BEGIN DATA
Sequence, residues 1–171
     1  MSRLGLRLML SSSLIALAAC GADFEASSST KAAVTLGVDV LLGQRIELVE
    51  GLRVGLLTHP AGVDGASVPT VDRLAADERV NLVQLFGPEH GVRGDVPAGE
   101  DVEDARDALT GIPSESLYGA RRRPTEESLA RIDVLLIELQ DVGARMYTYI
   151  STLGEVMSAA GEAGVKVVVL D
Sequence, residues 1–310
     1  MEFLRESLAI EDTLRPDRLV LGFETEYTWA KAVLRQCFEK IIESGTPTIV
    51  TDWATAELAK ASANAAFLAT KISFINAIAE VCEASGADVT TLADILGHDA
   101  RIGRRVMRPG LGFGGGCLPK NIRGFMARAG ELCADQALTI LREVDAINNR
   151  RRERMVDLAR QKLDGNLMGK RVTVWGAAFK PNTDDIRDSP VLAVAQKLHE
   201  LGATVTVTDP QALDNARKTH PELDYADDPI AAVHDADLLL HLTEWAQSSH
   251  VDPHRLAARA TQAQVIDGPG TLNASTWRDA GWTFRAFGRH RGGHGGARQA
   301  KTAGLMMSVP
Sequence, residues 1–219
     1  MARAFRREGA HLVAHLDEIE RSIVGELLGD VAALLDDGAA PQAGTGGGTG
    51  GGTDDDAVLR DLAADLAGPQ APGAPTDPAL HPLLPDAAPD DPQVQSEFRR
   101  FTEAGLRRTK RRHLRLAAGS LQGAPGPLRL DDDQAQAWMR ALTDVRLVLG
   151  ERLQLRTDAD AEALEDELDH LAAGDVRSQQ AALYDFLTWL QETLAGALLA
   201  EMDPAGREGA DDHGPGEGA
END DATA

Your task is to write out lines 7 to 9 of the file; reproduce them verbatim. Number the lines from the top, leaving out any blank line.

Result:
     1  MEFLRESLAI EDTLRPDRLV LGFETEYTWA KAVLRQCFEK IIESGTPTIV
    51  TDWATAELAK ASANAAFLAT KISFINAIAE VCEASGADVT TLADILGHDA
   101  RIGRRVMRPG LGFGGGCLPK NIRGFMARAG ELCADQALTI LREVDAINNR